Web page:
Last night we learned that, as a satellite deal to the big Mookie Betts trade, the Dodgers had agreed to trade outfielder Joc Pederson to the Angels in exchange for infielder Luis Rengifo. We learned soon after that that more players would be involved in the Angels-Dodgers deal.
A few minutes ago Bob Nightengale of USA Today reported that the Dodgers will also be sending pitcher Ross Stripling to the Angels. He says there are still “moving parts” to this deal, and the Angels plan on sending two prospects to the Dodgers.
Stripling, a four year veteran, is 20-24 and has posted a 3.51 ERA and a K/BB ratio of 377/91 in 387 innings. He has pitched in 136 games, 52 of which have come as a starter.
We’ll update this post as the trade continues to unfold.
Even Drellich of The Athletic reports that the Boston Red Sox are cutting the pay of team employees. Those cuts, which began to be communicated last night, apply to all employees making $50,000 or more. They are tiered cuts, with people making $50-99,000 seeing salary cut by 20%, those making $100k-$499,000 seeing $25% cuts and those making $500,000 or more getting 30% cuts.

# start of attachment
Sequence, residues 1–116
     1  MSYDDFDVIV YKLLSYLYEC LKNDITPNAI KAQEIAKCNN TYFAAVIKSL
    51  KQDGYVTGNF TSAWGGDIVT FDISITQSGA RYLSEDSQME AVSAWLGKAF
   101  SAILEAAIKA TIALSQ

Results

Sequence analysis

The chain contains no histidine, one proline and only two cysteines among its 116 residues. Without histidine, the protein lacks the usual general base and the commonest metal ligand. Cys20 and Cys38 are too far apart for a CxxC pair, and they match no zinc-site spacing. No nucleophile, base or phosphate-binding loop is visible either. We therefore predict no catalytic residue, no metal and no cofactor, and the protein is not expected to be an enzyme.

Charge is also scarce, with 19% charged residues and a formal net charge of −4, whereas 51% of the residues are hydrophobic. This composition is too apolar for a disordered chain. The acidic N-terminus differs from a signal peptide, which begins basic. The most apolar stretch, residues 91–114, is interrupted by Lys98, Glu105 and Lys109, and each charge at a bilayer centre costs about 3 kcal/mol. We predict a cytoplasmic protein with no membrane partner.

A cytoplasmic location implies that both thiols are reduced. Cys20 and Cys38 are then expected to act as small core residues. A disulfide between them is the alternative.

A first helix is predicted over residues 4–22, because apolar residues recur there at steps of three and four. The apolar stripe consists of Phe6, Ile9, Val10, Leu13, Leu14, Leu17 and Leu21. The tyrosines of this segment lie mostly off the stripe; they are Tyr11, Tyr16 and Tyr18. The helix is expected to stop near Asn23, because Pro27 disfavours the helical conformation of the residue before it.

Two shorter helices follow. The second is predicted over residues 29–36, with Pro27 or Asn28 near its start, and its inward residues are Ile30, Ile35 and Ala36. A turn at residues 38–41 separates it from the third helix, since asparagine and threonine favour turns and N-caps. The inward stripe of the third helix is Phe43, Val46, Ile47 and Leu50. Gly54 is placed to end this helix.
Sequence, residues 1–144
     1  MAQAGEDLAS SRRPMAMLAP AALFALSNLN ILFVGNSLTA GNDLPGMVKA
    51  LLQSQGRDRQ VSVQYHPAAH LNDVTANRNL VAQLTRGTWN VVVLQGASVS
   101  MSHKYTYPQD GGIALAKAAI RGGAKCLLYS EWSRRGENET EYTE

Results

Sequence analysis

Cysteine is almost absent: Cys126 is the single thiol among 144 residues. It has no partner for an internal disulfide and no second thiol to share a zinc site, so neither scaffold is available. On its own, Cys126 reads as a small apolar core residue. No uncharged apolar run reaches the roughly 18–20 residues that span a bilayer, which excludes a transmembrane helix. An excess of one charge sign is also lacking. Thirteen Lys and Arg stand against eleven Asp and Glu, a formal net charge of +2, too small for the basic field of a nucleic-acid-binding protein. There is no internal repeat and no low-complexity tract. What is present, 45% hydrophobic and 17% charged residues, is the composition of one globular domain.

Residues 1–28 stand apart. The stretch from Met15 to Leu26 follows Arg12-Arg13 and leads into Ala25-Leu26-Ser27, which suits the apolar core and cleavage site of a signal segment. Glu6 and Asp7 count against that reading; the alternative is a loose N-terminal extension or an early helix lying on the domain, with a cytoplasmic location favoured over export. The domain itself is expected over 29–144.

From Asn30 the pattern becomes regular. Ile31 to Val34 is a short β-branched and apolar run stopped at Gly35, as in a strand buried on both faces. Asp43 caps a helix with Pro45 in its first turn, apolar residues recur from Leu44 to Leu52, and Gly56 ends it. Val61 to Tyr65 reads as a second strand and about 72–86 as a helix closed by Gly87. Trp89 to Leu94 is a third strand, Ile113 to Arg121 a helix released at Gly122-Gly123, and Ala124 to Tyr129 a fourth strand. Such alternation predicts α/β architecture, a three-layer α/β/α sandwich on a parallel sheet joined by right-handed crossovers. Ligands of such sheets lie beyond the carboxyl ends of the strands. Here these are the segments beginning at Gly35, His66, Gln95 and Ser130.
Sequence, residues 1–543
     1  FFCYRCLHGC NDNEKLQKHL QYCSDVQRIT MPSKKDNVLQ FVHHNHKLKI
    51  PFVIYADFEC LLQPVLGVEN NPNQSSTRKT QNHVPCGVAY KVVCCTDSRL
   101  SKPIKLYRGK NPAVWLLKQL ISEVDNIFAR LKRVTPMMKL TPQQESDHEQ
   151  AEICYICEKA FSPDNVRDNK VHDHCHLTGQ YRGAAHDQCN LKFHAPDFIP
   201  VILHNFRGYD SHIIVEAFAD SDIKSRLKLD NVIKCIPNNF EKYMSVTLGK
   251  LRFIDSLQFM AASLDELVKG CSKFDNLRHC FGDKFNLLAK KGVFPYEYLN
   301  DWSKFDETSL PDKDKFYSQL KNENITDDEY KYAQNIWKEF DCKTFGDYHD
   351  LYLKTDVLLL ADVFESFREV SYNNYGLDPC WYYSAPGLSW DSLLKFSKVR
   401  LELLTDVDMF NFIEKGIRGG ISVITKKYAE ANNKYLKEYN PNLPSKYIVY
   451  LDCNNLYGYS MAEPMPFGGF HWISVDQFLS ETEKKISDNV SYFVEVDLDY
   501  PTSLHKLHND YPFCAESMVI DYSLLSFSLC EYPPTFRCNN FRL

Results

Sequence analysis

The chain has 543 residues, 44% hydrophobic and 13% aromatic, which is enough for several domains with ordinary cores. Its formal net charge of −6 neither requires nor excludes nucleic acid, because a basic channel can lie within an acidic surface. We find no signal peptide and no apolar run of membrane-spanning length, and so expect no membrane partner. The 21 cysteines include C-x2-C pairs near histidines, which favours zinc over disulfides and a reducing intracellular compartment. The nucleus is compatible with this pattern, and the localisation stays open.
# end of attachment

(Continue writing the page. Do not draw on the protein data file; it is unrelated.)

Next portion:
Drellich reported that a Red Sox employee told him that “people are livid” over the fact that those making $100K are being treated the same way as those making $500K. And, yes, that does seem to be a pretty wide spread for similar pay cuts. One would think that a team with as many analytically-oriented people on staff could perhaps break things down a bit more granularly.
Notable in all of this that the same folks who own the Red Sox — Fenway Sports Group — own Liverpool FC of the English Premier League, and that just last month Liverpool’s pay cut/employee furlough policies proved so unpopular that they led to a backlash and a subsequent reversal by the club. That came after intense criticism from Liverpool fan groups and local politicians. Sox owner John Henry must be confident that no such backlash will happen in Boston.
As we noted yesterday, The Kansas City Royals, who are not as financially successful as the Boston Red Sox, have not furloughed employees or cut pay as a result of baseball’s shutdown in the wake of the COVID-19 pandemic. Perhaps someone in Boston could call the Royals and ask them how they managed that.